Review of Stand Up Guys, Directed by Fisher Stevens
By KENDRICK KUO
What makes a stand up guy? Friendships between three retired gangsters tries to answer this question in the just-released Stand Up Guys starring Al Pacino, Christopher Walken, and Alan Arkin. After 28 years in prison, Val (Pacino) has finally served his time and rejoins his two buddies Doc (Walken) and Hirsch (Arkin) for a night to remember. There’s a problem, however. Val was in jail because of a job gone wrong, ending in a shoot out. Their boss at the time, Claphands, had sent his son along for the ride and Val accidentally killed him in the crossfire. Claphands has waited 28 years for his revenge, and Doc is the appointed agent of death.
The plot is surprisingly simple. Doc admits that he’s been sent to kill Val–the deadline is brunch the next day. And so the night is spent reliving their past: stealing a muscle car, breaking into a pharmacy, beating up some bad guys, stealing a shopkeeper’s clothes, and visits to prostitutes. There are good laughs (sometime inappropriate ones), but also sentimental moments of reprieve that allow breathing room to consider the mortality of these characters as they are indeed nearing the end.
You won’t find a strong story line interweaving the variety of spontaneous schemes they concoct to have a good time together. For me, this was rather off-putting, since there was no driving force propelling the film forward other than the looming brunch deadline, but for others this might be part of the charm. The meandering story is a meditation on the archetype of a “stand up guy,” which is most evident in old age, since a stand up guy is persistent in his “stand up-edness.”
So what makes a stand up guy? Director Stevens says, “A stand up guy has loyalty, guts and humor. I hope that audiences are moved when they watch this story of friendship and that they start to think about their own mortality and their own friendships.” Stand Up Guys centers on a man, Val, who is content without having many friends as long as he has one or two stand up friends. Early on in the film, Val confesses to Doc that he doesn’t have any friends left except for Doc, who sent care packages to prison for Val and picked Val up when he got out. This is true to the saying, “A man with many friends can still be ruined, but a true friend sticks closer than a brother” (Prov. 18:24).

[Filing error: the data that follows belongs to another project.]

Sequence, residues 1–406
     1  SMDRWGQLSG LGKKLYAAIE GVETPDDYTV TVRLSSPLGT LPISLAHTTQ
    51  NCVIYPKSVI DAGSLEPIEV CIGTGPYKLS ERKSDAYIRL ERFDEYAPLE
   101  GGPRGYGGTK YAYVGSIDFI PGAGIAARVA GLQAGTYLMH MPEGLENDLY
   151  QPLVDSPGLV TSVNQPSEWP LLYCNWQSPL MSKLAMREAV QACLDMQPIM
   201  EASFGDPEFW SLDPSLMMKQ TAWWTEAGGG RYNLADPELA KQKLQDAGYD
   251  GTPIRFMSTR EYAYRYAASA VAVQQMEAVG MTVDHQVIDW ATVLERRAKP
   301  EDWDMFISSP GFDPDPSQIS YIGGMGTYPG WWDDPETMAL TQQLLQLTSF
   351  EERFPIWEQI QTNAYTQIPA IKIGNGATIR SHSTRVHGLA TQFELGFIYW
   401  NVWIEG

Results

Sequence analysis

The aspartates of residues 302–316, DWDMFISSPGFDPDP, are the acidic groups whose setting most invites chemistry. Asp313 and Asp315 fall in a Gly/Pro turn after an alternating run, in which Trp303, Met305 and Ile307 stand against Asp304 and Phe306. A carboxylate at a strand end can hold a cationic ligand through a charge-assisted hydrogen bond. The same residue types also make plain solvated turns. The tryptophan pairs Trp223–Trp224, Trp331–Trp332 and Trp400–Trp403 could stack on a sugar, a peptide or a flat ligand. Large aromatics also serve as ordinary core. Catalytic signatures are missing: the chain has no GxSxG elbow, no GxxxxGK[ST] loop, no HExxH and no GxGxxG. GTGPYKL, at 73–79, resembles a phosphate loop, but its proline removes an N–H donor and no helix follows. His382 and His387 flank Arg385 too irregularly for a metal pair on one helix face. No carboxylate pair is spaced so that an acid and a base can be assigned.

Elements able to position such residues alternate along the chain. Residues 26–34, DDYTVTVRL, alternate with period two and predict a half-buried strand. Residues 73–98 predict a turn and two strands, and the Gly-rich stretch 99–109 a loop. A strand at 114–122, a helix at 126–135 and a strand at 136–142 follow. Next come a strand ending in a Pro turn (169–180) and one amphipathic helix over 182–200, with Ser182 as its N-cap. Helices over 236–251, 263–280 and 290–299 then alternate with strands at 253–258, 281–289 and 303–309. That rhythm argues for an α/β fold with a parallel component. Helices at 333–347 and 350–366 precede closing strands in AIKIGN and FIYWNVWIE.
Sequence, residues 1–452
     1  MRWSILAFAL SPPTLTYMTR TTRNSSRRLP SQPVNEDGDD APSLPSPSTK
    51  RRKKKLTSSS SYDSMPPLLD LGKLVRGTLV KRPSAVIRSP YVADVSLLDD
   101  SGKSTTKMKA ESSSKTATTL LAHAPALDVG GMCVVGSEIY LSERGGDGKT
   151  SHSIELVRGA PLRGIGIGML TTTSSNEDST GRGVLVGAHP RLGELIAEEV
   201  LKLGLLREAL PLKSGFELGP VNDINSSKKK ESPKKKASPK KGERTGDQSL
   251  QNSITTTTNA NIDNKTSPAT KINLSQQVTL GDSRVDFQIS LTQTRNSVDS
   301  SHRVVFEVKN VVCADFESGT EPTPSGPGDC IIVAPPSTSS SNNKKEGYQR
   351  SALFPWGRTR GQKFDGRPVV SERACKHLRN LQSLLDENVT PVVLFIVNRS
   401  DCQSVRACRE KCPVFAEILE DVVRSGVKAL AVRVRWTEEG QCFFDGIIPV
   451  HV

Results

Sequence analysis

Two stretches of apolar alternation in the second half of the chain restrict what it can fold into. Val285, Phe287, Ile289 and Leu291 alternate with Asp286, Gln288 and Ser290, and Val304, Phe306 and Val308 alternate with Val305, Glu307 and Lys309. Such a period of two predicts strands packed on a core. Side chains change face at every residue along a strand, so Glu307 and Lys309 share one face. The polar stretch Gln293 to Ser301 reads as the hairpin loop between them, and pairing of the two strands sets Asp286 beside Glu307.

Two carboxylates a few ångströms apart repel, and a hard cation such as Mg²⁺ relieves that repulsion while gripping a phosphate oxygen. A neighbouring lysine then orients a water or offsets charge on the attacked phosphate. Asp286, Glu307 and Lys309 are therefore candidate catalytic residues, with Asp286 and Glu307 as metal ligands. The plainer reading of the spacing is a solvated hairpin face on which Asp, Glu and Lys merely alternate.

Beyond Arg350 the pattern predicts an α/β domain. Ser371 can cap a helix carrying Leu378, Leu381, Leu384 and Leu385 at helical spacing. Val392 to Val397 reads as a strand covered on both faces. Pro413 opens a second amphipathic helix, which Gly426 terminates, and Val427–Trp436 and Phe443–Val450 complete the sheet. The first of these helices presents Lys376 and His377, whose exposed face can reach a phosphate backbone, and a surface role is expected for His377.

Whenever the Bible speaks of friendship, it speaks of loyalty and courage. Of loyalty, the Proverbs say, “A friend is always loyal, and a brother is born to help in time of need” (Prov. 17:17). Of courage (to speak), “An open rebuke is better than hidden love! Wounds from a sincere friend are better than many kisses from an enemy” (Prov. 27:5-6). And ultimately, as Jesus testified, a stand up guy is marked by sacrifice. “There is no greater love than to lay down one’s life for one’s friends” (Jn. 15:13).
While I believe humor (Stevens’s third ideal in his triumvirate of stand up virtues) is a great addition to any friendship, I do not consider it vital. And that may have been my main problem with Stand Up Guys. Not just because the humor was mature, which may make this film inappropriate for some Christian viewers, but much more because it eclipsed the more redeemable aspects of the film. The scenes offering a look at persevering friendship, Doc paying for Val’s expenses, the sharing of painful memories, and all the many ways Doc exudes loyalty and guts–these scenes are undermined by the jolting humor peppering the screenplay and, in my opinion, deflated the film’s staying power.
A nod to humor with one or two scenes would suffice, but it almost became the backbone of narrative. The amount of time given to humor outweighed by far that given to loyalty and guts and other ideals of a stand up guy. For that reason, Stand Up Guys failed to live up to its name.